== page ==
There are many things I, as a pastor, would rather write about, but it often behoves me, for the sake of my sheep and those who would be gathered in, to defend the faith, to protect and guard from error, so that the saints may be edified and sinners saved. This is where Jude found himself:
Beloved, although I was very eager to write to you about our common salvation, I found it necessary to write appealing to you to contend for the faith that was once for all delivered to the saints. (Jude 3)
Liberalism (and I daren’t even give it the satisfaction of enjoining it to that blessed title, Christianity), is a new religion that was birthed in the nineteenth century (1800s). Like Satan posing as an angel of light or a wolf dressing in sheep’s clothing, Liberalism (lateral deists as a friend of mine calls them), guises itself as Christian, though in peering into the [initially] subtle differences, one finds an entirely different religion. We’d do well to know what Liberalism is, so in spotting it, we might turn from error fix our eyes upon the truth of Jesus.
A newspaper from the 1920s, an era where Liberalism and orthodox Christianity were in conflict, contrasted the chasm like differences between the two.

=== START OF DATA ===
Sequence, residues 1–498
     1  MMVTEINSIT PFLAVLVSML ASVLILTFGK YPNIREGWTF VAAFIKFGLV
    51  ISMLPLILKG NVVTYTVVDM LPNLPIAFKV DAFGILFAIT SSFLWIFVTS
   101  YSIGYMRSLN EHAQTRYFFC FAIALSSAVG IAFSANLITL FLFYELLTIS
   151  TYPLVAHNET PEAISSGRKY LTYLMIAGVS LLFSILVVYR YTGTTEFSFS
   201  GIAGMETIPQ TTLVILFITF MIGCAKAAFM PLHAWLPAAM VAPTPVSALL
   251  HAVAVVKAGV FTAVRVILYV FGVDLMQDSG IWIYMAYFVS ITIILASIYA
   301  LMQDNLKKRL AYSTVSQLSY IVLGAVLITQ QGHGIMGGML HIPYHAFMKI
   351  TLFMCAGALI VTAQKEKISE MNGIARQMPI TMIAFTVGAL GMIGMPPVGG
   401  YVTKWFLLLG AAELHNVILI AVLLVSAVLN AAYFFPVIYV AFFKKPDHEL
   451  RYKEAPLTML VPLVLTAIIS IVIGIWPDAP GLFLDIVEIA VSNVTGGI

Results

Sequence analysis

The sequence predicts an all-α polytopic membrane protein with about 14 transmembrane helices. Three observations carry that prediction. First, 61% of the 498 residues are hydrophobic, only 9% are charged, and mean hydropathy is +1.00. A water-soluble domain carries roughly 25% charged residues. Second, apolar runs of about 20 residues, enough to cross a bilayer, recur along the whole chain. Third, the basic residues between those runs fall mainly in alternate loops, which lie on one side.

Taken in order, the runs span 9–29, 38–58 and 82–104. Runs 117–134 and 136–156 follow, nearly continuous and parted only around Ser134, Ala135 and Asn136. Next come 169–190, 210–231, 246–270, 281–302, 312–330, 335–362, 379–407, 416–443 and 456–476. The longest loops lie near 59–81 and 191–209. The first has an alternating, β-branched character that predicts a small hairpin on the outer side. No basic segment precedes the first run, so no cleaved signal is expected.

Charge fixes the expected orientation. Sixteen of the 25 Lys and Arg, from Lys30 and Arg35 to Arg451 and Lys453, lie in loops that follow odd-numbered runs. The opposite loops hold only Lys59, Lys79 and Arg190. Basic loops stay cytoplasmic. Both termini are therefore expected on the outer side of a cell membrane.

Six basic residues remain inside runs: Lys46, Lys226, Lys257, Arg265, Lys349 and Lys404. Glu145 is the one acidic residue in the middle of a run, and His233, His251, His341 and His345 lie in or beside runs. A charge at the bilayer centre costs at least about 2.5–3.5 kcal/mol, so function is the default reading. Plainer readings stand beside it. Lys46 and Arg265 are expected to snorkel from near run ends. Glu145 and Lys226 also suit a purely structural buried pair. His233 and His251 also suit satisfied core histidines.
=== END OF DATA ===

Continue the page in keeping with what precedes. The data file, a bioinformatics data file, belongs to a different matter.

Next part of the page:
One author who wrote on the subject was J.G. Machen in Liberalism and Christianity (1923). In his classic work he argued that Liberalism was indeed a new religion.
To further illustrate the differences, consider the Fellowship’s Statement of Faith (1953) (and still today) contrasted with the much more orthodox United Church Statement of Faith (1925) and their most recent statement, Songs of Faith (2006), on the subjects of the Bible, Jesus and Mankind (these three are chosen because of their centrality in the faith):
Doctrinal error and moral misguidedness—accommodating to the world, syncretism—has meant that the once largest Canadian Christian denomination is now one of the fastest dying religions in Canada (the old statistic was that one church building closed each week; now the figure is that, with the Anglican Church and some others, 10,000 buildings will close in 2020 alone). While a dead orthodoxy can certainly lead to closed churches, a vibrant orthodoxy normally to lead to spiritual flourishing and healthy churches (as seen in the independent and non-religious study from Ontario in 2015).
Like Jude, may we cling to the “faith once for all delivered to the saints,” which along is true, which alone can save; and having come near the end of our Old Testament journey in Cover to Cover, may we take heed of the danger that will come to God’s people when we compromise with the world in belief and practice (i.e. Judges).
Author: Chris Crocker
Pastor, historian and beekeeper.
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